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5 Scrivener Productivity Tips: Keyboard Shortcuts

Learn 5 keyboard shortcuts to save time when you're working with Scrivener.

Scrivener is a rich app, and has lots of features to help you create your work. You can access these features from the menus, and some are available from the toolbar. But when you're working on a project in Scrivener, you want to write as smoothly as possible. To save time, it's a good idea to learn keyboard shortcuts for the features and actions you use most often. You can then keep your hands on the keyboard and not be distracted by having to search in menus or on the toolbar.

Here are 5 keyboard shortcuts that can make your work with Scrivener a lot smoother.

1. Since much of your organizational work takes place in the Binder, it's a good idea to learn the basic keyboard shortcuts that create new items there. Command-N (Mac) / Ctrl-N (Win) creates a new text document below the currently selected document, or, if you've selected a folder, in that folder. And if you press Command-Option-N (Mac) / Alt+Shift+N (Win), Scrivener creates a new folder below the current selection.

2. The three main project views in the Scrivener window are the Editor, Corkboard, and Outline. You may not use all three of these—some writers work with just the Editor—but if you do, there's a quick way to switch between them. Instead of using the View menu, or the View Mode button in the toolbar, you can press Command-1 (Mac) / Ctrl+1 (Win) to view your current document, or to view multiple documents in Scrivenings view. Press Command-2 (Mac) / Ctrl+2 (Win) to switch to the Corkboard. And Command-3 (Mac) / Ctrl+3 (Win) takes you to your outline. In this way, you can quickly switch back and forth from one to the other as you work.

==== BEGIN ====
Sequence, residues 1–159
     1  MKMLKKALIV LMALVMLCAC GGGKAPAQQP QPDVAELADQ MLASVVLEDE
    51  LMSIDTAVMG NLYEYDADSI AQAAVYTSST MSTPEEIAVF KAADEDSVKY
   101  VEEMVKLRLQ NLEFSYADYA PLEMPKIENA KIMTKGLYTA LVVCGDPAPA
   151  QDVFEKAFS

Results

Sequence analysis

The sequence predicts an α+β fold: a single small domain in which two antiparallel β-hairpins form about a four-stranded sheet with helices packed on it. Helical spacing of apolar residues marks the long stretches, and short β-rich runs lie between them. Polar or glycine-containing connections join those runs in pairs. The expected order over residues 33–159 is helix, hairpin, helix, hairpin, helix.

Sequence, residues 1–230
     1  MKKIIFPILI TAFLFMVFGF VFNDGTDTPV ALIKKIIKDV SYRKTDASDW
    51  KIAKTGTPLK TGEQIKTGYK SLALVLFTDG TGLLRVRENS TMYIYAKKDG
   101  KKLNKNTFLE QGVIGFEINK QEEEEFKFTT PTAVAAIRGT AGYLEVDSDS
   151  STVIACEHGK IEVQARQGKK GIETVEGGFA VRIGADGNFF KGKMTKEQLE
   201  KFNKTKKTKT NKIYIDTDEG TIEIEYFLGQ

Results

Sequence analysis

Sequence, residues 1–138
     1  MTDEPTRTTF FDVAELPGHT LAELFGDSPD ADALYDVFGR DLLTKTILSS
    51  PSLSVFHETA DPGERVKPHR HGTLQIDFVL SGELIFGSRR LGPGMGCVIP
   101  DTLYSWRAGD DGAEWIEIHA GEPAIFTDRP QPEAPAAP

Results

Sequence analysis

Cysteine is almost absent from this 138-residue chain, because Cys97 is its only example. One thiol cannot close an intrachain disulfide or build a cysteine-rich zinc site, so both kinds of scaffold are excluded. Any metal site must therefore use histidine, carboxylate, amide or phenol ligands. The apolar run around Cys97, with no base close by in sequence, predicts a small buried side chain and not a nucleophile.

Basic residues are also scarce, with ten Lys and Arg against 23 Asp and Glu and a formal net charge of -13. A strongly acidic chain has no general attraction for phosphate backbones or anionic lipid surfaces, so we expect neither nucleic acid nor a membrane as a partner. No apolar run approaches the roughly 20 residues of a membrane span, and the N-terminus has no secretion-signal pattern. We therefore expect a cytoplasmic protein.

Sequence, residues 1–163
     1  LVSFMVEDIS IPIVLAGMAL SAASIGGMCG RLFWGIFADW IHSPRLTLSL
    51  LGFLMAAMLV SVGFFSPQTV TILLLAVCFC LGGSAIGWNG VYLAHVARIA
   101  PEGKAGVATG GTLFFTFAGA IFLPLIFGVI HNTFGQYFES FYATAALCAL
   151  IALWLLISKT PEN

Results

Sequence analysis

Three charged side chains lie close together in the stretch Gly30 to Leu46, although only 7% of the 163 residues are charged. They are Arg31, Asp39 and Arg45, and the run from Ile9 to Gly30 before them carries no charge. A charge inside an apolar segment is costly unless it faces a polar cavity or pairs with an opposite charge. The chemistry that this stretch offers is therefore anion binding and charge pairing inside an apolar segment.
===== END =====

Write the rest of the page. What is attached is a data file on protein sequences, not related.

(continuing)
3. Sometimes you want to focus on what you're writing and not be distracted by the Binder or Inspector. I discussed these elements in Tame the Scrivener Window. You can quickly show or hide the Binder by pressing Command-Option-B (Mac) / Alt+Shift+B (Win). To show or hide the Inspector, press Command-Option-I (Mac) / Alt+Shift+I (Win).

4.If you've copied text from somewhere outside your project and want to paste it into your work—such as if you want to include a quote—you may find that a normal paste retains the style and font of the text you copied. To prevent this, you can press Command-Option-Shift-V (Mac) / Ctrl+Shift+V (Win). This performs "paste and match style", so the pasted text inherits the style of your document.

5. You may want to insert the current date and time into one of the documents in your project to record when you began or completed a document, or you may want to keep a journal with dated notes. There's a nifty keyboard shortcut that does this for you: Command-Option-Shift-D (Mac) or Win+Alt+Shift+D (Win). This uses your system's Long Date and Short Time format, and looks something like this: May 31, 2021 at 10:46.

You can also set up custom keyboard shortcuts. See the Scrivener manual, Appendix A, for instructions on how to do this.

Kirk McElhearn is a writer, podcaster, and photographer. He is the author of Take Control of Scrivener, and host of the podcast Write Now with Scrivener.

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